If you don't have any goggles you can use some glasses to protect your eyes. This basic safety equipment is needed to keep the harmful mould off you and stop you from breathing it in.

If you have a large drop sheet or something you can use to catch the dust it would be good, but not necessary.

Once you are prepared with all your safety gear you can start to remove the plaster and insulation. Once you have removed the affected area you can proceed to patch the area.

If you don't want to take the risk and prefer to get it professionally removed then you can call Adam's Handy Hands

PH: 0419 393 179
Email: adam@adamshandyhands.com.au
FB: www.facebook.com/adamshandyhands

Monday, 18 June 2018

The dangers of mould!

Mould can be very dangerous and can spread bad spores into the air. It can be very dangerous to breath in the spores. All precaution is needed to remove any mould in plaster.

Before any work commences on treating the mould you need to make sure that the source of and how it go there has been fixed. Whether it be a leaky roof or not enough ventilation in the walls, allowing the build up of water in the wall. You may not have enough ventilation in your bathroom, causing the steam to affect the ceiling.

You need to remove all the contaminated/wet plaster and any insulation that is wet. The insulation may not look contaminated but since it is wet it can still grow some mould and will affect the plaster patch.


This is a recent plaster repair I had to do that had a lot of mould. The client said they just painted over the area to try and cover the discolour. They said it just came back and that the mould has been spreading. I had to remove the entire affected section and the soaking wet insulation.


This shows how wet the plaster was and how easy it was to poke through. I could just poke my finger through without any force, meaning that the plaster could have fallen at any stage.

I had the affected area removed, which was bigger then it looked. The underside of the plaster (the side up in the roof) was very wet and starting to get mouldy.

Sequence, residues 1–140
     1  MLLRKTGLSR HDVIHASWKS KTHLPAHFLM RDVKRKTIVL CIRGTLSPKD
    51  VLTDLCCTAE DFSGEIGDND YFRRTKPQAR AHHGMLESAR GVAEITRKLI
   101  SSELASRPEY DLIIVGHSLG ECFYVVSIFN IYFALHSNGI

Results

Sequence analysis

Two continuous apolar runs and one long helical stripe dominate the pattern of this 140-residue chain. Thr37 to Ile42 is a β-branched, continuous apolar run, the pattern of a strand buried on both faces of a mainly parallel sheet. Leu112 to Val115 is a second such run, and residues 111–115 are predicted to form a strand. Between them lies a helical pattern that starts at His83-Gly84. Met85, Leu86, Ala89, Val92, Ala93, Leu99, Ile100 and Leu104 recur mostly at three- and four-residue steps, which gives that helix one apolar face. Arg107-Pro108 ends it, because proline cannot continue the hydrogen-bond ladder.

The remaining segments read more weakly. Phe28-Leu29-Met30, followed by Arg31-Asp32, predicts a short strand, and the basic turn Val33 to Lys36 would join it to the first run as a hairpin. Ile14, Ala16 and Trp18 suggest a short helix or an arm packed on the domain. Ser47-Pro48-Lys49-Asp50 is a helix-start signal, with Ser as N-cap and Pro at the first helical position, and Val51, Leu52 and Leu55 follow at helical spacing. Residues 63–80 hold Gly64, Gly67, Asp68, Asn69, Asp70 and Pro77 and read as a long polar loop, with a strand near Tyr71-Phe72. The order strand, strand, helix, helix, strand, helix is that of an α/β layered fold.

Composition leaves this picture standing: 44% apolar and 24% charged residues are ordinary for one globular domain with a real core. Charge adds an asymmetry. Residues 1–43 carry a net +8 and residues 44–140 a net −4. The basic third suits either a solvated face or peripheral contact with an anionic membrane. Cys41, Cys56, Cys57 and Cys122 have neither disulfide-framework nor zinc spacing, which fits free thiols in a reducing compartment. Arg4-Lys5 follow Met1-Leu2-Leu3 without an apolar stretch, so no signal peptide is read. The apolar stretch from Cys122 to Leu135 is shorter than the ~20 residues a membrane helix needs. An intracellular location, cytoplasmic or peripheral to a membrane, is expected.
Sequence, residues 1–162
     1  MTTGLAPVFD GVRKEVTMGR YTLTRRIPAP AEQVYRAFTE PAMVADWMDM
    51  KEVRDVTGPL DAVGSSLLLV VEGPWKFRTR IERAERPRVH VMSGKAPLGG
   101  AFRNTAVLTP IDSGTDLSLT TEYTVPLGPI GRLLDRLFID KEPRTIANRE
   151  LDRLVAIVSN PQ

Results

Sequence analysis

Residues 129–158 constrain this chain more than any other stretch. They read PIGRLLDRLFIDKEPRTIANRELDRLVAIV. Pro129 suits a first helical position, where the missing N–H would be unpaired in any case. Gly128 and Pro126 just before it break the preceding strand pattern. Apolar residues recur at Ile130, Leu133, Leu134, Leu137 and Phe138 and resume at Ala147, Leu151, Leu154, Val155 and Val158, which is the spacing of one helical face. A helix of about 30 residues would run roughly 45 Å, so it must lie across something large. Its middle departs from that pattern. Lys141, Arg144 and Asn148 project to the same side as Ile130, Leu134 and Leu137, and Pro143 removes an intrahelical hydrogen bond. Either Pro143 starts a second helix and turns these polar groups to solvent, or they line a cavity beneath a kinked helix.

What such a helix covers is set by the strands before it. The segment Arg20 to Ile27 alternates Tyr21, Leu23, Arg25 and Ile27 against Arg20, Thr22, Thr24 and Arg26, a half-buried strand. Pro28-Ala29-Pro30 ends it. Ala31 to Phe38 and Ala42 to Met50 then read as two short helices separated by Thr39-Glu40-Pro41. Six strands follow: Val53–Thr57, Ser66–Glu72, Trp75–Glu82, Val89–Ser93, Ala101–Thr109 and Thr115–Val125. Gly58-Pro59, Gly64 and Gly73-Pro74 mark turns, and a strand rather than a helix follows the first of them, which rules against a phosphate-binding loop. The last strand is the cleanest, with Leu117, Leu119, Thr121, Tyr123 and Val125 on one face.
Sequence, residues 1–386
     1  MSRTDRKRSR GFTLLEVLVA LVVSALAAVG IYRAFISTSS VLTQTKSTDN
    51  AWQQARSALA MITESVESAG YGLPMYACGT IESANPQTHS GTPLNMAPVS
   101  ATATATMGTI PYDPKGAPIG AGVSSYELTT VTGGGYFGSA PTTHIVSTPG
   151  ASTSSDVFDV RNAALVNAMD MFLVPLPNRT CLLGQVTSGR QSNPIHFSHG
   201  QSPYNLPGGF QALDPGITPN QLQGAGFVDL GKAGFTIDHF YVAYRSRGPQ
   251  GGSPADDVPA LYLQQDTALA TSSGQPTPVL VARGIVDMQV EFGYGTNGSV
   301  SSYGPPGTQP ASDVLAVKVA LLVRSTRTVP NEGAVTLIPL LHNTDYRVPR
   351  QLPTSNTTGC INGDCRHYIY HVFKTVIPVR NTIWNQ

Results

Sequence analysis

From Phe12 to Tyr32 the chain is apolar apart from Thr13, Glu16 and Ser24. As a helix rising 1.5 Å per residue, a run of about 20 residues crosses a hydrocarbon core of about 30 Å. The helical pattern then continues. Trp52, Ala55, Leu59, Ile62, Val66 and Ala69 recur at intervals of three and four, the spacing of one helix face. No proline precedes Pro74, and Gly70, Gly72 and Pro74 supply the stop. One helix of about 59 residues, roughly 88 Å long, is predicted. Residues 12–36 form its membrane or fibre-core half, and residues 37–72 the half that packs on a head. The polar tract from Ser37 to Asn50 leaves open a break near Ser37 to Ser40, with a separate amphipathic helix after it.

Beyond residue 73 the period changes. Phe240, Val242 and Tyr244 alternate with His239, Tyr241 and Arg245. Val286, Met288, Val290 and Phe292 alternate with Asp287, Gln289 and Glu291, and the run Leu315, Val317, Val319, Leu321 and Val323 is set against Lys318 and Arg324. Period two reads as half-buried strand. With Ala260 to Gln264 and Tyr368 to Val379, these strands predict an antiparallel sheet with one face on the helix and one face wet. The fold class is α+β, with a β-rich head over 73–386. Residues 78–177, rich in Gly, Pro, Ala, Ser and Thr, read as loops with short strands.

This shows how bad the plaster was and it was just falling away as I removed it. It's the worst I have ever seen and was in a bedroom, which is the worst as you spend about 8hrs there breathing in any mould spores in the area.



Upon further inspection I found that one of the roof tiles was cracked, so that will need to be replaced before any further work commences.

With the bad weather it had to wait until it cleared to get on the roof to replace the tile and have the plaster repaired.

This is s lesson to all that mould can be very dangerous and you should get professional help to deal with it. If left untreated or not removed completely it will most likely come back. You can't simply just paint over the area with normal paint, you need to use mould inhibiting paint or the best options is to remove the affected plaster and replace it with fresh plaster.

If you notice anything that resembles mould you should consult a professional to inspect it and have it treated properly. I can always inspect affected plaster and treat it to remove the mould. If it is in a bedroom it is best to limit the use of the room until it is treated or removed.

Always remember to be protected when doing his sort of work, wear a dust mask and rubber gloves.



PH: 0419 393 179
Email: adam@adamshandyhands.com.au
FB: www.facebook.com/adamshandyhands.

Friday, 11 May 2018

What can Adam's Handy Hands do???